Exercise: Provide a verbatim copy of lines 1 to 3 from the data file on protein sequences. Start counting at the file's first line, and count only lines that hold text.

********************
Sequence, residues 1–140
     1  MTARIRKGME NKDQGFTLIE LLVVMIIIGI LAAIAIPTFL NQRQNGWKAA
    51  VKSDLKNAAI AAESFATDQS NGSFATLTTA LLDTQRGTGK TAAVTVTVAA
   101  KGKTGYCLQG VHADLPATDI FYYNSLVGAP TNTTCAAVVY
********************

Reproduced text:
Sequence, residues 1–140
     1  MTARIRKGME NKDQGFTLIE LLVVMIIIGI LAAIAIPTFL NQRQNGWKAA
    51  VKSDLKNAAI AAESFATDQS NGSFATLTTA LLDTQRGTGK TAAVTVTVAA